The Coming Pensions Crisis

Recommendations for Keeping the Global Pensions System Afloat

What’s your dream for retirement? Is it living on the beach, traveling on cruise ships throughout Europe, spending time with kids and grandkids, finally getting the chance to perfect your golf game? For a lot of people, the retirement dream is to retire early enough so that they can enjoy the fruits of their long working career while they’re still healthy and to live out their sunset years relaxing and enjoying the good life. However, the reality for many is that there isn’t enough money in the piggy bank to last throughout their retired life.

Workers in the past trusted that the defined benefit pension plans provided by their employers would keep them and their spouse living comfortably through their retirement. And if anything happened with their corporate pensions, they figured they had paid into government social security and it would be more than enough to cover things. Today’s workers are a bit less worry-free. With the rise of defined contribution plans, employees are being asked to manage their own retirement account which puts the onus on them to ensure they not only put enough away money for retirement, but also invest that money properly to get the best return. Improvements in healthcare are increasing life expectancies meaning retirement money needs to last much longer. At the same time demographic shifts — an increase in the retirement age population accompanied by a decrease in the working age population — are starting to put a strain on pay-as-you-go government schemes such as social security.

How much of a problem is it? According to our estimates, the total value of unfunded or underfunded government pension liabilities for twenty OECD countries is a staggering $78 trillion, or almost double the $44 trillion published national debt number. Corporations have also not consistently met their pension obligation and most U.S. and U.K. corporate pension plans remain underfunded with an aggregate fund status in the US of just 82%.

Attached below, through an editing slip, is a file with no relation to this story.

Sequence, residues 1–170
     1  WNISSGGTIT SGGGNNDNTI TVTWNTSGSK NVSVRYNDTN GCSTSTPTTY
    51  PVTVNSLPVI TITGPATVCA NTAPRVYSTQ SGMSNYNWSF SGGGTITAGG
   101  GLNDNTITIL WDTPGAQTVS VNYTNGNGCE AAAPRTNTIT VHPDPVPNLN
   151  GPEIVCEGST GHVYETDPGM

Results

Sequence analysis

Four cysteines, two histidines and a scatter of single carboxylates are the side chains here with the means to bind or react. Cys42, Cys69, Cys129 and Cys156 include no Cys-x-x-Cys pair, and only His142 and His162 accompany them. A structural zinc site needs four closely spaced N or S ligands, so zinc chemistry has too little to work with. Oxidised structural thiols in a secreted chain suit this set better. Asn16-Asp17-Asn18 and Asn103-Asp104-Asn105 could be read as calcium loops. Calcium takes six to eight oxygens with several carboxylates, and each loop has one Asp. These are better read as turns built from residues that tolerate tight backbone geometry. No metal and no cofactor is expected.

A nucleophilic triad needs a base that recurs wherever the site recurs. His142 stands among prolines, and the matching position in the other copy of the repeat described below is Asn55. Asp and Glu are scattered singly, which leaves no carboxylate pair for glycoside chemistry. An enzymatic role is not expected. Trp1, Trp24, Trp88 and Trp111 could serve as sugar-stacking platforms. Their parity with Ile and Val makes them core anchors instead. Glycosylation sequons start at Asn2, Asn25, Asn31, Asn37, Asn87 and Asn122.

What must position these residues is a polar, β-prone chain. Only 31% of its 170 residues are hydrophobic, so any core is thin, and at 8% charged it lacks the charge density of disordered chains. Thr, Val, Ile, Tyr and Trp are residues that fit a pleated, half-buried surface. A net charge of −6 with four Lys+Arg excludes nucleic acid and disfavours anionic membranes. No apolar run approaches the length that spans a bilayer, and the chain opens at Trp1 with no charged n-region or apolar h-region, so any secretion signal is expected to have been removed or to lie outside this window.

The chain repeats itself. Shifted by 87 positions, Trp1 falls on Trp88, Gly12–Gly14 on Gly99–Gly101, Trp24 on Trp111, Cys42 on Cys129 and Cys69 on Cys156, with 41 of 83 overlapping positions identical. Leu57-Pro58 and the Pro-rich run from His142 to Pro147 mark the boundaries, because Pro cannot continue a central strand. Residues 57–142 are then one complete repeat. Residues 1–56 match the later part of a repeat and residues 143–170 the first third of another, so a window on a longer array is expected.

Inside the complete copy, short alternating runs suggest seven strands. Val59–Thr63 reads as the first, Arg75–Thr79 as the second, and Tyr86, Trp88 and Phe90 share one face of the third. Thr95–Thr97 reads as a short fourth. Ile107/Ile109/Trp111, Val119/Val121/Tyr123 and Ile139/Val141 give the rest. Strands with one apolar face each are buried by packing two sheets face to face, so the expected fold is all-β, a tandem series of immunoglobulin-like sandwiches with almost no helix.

In the report that follows, the authors look at the scope of the pension problem both on the public and the private side. But instead of being all doom and gloom, they offer a set of recommendations to policymakers, corporate and public pension plan sponsors and managers, and product providers to deal with the crisis. These include: (1) publishing the amount of underfunded government pension obligations so that everyone can see them, (2) raising the retirement age, (3) creating a new system that utilizes Collective Defined Contribution plans which share both the risks and benefits of the plan between plan sponsors and individuals, (4) creating powerful ‘soft compulsion’ incentives to ensure that private pension savings increase, (5) encouraging pension plan sponsors to make their full pension contributions when they are due, and (6) encouraging corporates with frozen plans to get out of the insurance business.

Finally, the silver lining of the pensions crisis is for product providers such as insurers and asset managers. Private pension assets are forecast to grow $5-$11 trillion over the next 10-30 years and strong growth is forecast in insurance pension buy-outs, private pension schemes, and asset and guaranteed retirement income solutions.

With hope that we can still avoid a pension crisis, I’m not giving up on my Hawaiian shirt just yet.